2011-12: 37-29-16 (90 points); 9th in West.
The Flames are caught in between: They have young talent coming up but still rely heavily on veterans like 35-year-old right wing Jarome Iginla and 36-year-old workhorse goalie Miikka Kiprusoff. Expectations are high for Swiss left wing prospect Sven Baertschi, but the Flames are too weak up the middle to reach the playoffs.
2011-12: 29-46-7 (65 points); 15th in West.
Poor Blue Jackets. They got adequate players but no standouts when they traded winger Rick Nash to the New York Rangers and they have no real scoring threats. Former Flyers backup goalie Sergei Bobrovsky can’t be worse than Steve Mason (3.39, .894). Another long season is in store.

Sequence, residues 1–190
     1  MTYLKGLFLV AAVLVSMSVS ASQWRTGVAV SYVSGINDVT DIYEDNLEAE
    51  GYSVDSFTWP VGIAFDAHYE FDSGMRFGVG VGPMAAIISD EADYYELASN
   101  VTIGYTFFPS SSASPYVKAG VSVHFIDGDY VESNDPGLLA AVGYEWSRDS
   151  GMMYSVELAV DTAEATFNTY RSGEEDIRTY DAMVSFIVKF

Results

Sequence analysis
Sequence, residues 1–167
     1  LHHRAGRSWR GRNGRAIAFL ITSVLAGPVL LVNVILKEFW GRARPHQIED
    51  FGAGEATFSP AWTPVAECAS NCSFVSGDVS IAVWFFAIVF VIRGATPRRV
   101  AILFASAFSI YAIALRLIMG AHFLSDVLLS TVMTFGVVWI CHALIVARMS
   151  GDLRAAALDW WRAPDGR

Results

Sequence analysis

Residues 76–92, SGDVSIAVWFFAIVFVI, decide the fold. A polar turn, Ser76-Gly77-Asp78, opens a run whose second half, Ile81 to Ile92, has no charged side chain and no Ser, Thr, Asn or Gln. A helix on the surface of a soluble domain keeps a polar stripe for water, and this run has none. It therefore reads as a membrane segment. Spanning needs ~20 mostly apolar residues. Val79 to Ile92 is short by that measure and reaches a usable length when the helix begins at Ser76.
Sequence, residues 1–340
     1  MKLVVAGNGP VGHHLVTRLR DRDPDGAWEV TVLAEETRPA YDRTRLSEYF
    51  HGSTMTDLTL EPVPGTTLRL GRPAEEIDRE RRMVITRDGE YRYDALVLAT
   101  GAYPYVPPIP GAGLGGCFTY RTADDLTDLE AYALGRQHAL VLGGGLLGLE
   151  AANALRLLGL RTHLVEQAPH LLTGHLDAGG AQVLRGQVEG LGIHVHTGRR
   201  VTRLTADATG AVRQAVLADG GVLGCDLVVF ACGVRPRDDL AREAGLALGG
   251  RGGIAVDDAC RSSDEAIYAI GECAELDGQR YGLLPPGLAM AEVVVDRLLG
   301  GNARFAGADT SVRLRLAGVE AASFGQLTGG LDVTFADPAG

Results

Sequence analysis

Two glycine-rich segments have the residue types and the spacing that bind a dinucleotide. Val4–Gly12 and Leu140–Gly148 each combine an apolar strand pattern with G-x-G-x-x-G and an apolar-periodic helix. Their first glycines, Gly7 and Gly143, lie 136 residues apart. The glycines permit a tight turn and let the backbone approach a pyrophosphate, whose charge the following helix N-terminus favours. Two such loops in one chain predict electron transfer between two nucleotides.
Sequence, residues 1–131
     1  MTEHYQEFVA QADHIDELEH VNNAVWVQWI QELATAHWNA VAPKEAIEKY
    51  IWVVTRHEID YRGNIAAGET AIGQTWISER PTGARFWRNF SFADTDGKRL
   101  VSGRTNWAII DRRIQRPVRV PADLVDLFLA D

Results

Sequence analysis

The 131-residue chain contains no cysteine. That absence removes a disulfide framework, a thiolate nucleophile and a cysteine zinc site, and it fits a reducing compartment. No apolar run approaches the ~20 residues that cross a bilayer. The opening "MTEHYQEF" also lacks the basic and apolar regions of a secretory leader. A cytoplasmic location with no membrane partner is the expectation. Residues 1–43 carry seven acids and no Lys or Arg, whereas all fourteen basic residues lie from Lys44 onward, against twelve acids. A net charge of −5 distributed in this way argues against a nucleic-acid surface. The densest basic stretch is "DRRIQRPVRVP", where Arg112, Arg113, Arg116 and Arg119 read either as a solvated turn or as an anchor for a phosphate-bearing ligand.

The New Jersey Devils hope history repeats itself on two fronts. They won the Stanley Cup in 1995, after the NHL’s first lockout-shortened, 48-game schedule, and they won the East last season as the No. 6-seeded team. But if Pittsburgh Penguins center Sidney Crosby is healthy and Rick Nash scores the goals the New York Rangers couldn’t manufacture last season, the Devils won’t win another lockout-asterisked championship. In fact, they might not even make the playoffs. A look at how the conference shapes up:
1. N.Y. RANGERS
2011-12 finish: 51-24-7 (109 points); 1st in East.
Acquiring burly winger Nash from Columbus should give the Rangers the scoring they lacked last season. He’s a two-time 40-goal scorer and can be a presence physically. The Rangers will need another big season from Henrik Lundqvist (1.97 goals-against average, .930 save percentage), who won the Vezina Trophy as the NHL’s top goalie.
2011-12 finish: 42-32-8 (92 points); 7th in East.